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SIMPSONVILLE, S.C. (CBS Local) — A 19-year-old woman is speaking out about the ex-boyfriend who bit her lip off when she refused to get back together with him.
Seth Aaron Fleury, 23, was sentenced to 12 years in prison last week after pleading guilty to assault and battery of a high and aggravated nature.
Fleury was accused of biting off his ex-girlfriend’s lip on Oct. 21, 2017, when she refused to kiss him and telling him she did not want to get back together.
“He just latched on to me,” Kayla Hayes told WHNS. “I felt it tear and it was already numb, but I felt it and then I went into complete shock and survival mode and started screaming. Then I looked down and my lip was on my leg — it was covered in gravel. I just picked it up and I was thinking what the heck is this.”
Hayes had met up with Fleury on the night of the assault to discuss their relationship.
“I was not there to get back together with him, however, I was there for him to right his wrongs,” Hayes wrote in an extensive post on her Facebook page.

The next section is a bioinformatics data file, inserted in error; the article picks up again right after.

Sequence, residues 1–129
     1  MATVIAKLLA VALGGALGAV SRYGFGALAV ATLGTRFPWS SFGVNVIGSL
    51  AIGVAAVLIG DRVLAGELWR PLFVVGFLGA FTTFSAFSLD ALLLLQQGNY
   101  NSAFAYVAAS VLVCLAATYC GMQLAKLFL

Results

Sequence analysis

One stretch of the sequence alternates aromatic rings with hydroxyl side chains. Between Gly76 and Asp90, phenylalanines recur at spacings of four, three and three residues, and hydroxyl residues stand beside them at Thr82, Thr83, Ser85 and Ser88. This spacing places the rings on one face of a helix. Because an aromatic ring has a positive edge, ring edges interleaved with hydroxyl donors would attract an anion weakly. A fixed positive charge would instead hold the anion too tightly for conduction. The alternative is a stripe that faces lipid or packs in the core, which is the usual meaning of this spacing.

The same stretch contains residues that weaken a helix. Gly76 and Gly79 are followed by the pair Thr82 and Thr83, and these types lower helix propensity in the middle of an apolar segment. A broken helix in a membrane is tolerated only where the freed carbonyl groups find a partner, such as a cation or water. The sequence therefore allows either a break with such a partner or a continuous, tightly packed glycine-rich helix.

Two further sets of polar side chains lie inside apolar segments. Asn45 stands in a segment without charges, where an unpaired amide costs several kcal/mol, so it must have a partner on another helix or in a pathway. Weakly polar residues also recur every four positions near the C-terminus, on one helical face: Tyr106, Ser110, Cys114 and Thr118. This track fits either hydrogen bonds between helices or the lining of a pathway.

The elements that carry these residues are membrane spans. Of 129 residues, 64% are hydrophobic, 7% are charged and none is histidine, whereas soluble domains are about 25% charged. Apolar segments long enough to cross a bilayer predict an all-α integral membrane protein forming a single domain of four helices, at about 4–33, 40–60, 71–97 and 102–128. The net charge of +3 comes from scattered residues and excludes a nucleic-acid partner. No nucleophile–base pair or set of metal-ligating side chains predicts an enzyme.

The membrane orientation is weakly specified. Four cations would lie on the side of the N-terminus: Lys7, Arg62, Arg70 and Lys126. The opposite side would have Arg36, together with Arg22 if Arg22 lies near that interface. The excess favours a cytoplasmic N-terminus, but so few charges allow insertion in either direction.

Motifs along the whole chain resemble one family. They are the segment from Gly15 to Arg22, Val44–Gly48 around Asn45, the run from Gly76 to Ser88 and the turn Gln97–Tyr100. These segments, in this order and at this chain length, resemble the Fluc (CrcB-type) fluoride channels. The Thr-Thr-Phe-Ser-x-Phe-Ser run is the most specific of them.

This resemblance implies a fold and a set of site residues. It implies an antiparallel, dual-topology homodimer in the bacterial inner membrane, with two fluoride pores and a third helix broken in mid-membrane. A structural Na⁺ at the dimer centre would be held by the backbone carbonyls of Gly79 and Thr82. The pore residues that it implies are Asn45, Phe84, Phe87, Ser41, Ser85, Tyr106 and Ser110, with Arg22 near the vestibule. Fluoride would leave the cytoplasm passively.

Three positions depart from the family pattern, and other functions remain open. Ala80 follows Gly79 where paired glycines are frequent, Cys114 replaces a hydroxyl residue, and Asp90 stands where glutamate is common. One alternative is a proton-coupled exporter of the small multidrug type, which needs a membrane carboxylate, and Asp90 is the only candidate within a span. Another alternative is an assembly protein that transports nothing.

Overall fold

After Hayes refused to resume the relationship, Fleury became angry. He attempted to kiss her and as she pulled away, “he bit down on her bottom lip with such force that her lip was amputated,” 13th Circuit Solicitor Walt Wilkins said in a statement.
“This was the day that a piece of me died,” Hayes wrote. “Sitting in a puddle of my own blood with the majority of my lip laying on my leg, my whole mouth on fire, confused and terrified, I didn’t know how I could ever show my face again. At that point, wishing that those very seconds would just be my last— I wanted to give up for good.”
Hayes underwent emergency plastic surgery, but doctors were unable to reattach her lip. She was left with severe scars and limited range of motion in her mouth.
“He was going to leave his mark on me for my next boyfriend,” Hayes wrote.
Hayes says she received more than 300 stitches, underwent multiple surgeries and extensive reconstruction.
But Hayes says she struggled even more with the emotional recovery. She attributes a particular quote as a major part of healing process.
“‘Wear your scars as your wings’ and I think that really helped me get through it all because my scar, I’m going to use it as my wing and I’m going to fly and rise above all of this.”
One year later, Hayes runs a blog, Rise Above, where she talks about her experiences in the hope she can inspire others to seek help.
“There’s a difference between accepting ups and downs rather than accepting abuse, whether it be physical, mental, whatever it is. Don’t accept it. You need to rise above. You need to continue to stay strong, you need to get out.”